Food Around Us
Good food is all around us. For generations, Indians have incorporated biodiversity in their daily food—using millets instead of wheat or rice; eating vegetables sourced from forests rather than farms, eating local food and changing their diet with changing seasons.
India is one of the biodiversity-rich countries and home to nearly 12 per cent of the world’s plant species. People in the biodiversity-rich areas have an immense understanding of the plants that grow around them. Each region of the country has its special cuisine based on the plants available in the area.
Many biodiverse foods have medicinal properties. They are rich in micronutrients, help people fight disease and keep them healthy in changing seasons. It was for food that people protected their environment. When crops were cultivated, they were grown naturally, without the use of agrochemicals. In rural areas, people often do not have to buy food and this provides nutrition security. There is some evidence that people living in places where food is available in traditional sources are healthier.
Access to good food has decreased drastically. Most traditional food cannot be stored and it is difficult to market them. People no longer have access to forests and kitchen gardens are fast disappearing, particularly in urban areas. In many places, environmental damage has decimated the biodiversity.
Child Health And Food Policy
Food has been at the centre of policy debate in India for many years, as more than 20 per cent of the country’s population suffers from undernourishment.
India ranks 97th out of 118 countries in the 2016 Global Hunger Index. It ranks 120th among 128 countries with data on under nutrition during 2009-13; 30.7 per cent of the country’s children are underweight (an improvement from 43.5 per cent in 2005-06). Data from targeted studies show an alarming trend. The HUNGaMA (Hunger and Malnutrition) report covering 112 worst-performing districts in nine states tells us that 42 per cent children are underweight, 58 per cent are stunted and 11.4 are ‘wasted’ by the age of 24 months.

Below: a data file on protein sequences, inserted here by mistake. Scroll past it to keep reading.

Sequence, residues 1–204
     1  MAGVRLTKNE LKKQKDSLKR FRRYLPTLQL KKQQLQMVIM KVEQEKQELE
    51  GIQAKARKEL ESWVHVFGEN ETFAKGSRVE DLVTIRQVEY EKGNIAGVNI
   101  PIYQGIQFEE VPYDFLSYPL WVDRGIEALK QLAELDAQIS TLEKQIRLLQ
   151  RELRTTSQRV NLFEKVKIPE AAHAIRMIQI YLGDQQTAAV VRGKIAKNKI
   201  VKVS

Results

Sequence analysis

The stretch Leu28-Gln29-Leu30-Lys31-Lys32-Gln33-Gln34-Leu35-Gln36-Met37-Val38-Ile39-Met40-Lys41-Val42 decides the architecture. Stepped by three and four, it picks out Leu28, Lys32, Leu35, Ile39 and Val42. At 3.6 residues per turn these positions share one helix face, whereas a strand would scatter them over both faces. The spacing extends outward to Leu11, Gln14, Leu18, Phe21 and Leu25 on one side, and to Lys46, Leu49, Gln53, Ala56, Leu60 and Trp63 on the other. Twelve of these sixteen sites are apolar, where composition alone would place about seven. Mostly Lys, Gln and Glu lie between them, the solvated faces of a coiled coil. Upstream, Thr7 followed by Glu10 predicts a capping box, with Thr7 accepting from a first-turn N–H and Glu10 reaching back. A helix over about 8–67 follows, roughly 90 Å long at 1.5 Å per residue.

Meanwhile, childhood obesity is also alarmingly on the rise globally as well as in India. The International Obesity Task Force (IOTF) of WHO estimates that 10 per cent of children aged 5-17 years worldwide are overweight.
India therefore faces a peculiar crisis that spans both ends of the spectrum of nutritional disorders—while 30.7 per cent of the country’s children are underweight, according to the International Association for the Study of Obesity’s world map of obesity, overfeeding is evident as overweight and obesity has been recently on the rise and is present in 20.6 per cent boys and 18.3 per cent girls in India.
Given India’s dubious distinction of carrying the twin burden of under nutrition and overfeeding, we need to be extra cautious. In a bid to beat hunger, we are losing out to the deadly parasite of ultra-processed food, without realizing how harmful it actually is. Yes, craving for ultra-processed food is a global epidemic.
According to the ‘Dietary Guidelines for Indians, 2011’ of the National Institute of Nutrition (NIN), a balanced diet is one that provides all nutrients in required amounts and proper proportions. It should provide around 50-60 per cent of the total calories from carbohydrates, about 10-15 per cent from proteins and 20-30 per cent from both visible and invisible fat. In addition, it should provide other non-nutrients such as dietary fibre and antioxidants that bestow positive health benefits.
Food services like school canteens or midday-meal service is an important health resource for schools, especially the student community. When food is consumed daily, the food provided through the school canteen or midday meal comprises a third of a person’s total daily intake and has a significant influence on health and nutrition.
It is important that parents, teachers and students work together to support a whole-school approach to building a school culture in which students actively choose ‘good food’ for a healthy lifestyle.
Canteens in schools should not be treated as commercial outlets. They have a social responsibility towards inculcating healthy eating behaviour. They can be used to motivate children to consume healthy and hygienic food.
DID YOU KNOW?
- Bad food and lifestyle are major causes of non-communicable diseases, such as hypertension, diabetes and cardiovascular ailments.
- While globally, the upper range of Body Mass Index (BMI) for a normal adult is 24.99kg/m2, Indians can afford to go up to only 22.99kg/m2 because they have higher body fat at a lower BMI.
- Poor diets slow growth, decay new teeth, promote obesity and sow the seeds of infirmity that ultimately lead to incurable illnesses.
- Food containing low nutritional value tends to reduce IQ levels in children.
- The caffeine used in soft drinks is artificial. Mildly addictive, this stimulant drug used in soft drinks as a flavouring agent. Most ultra-processed packaged food is not good for your health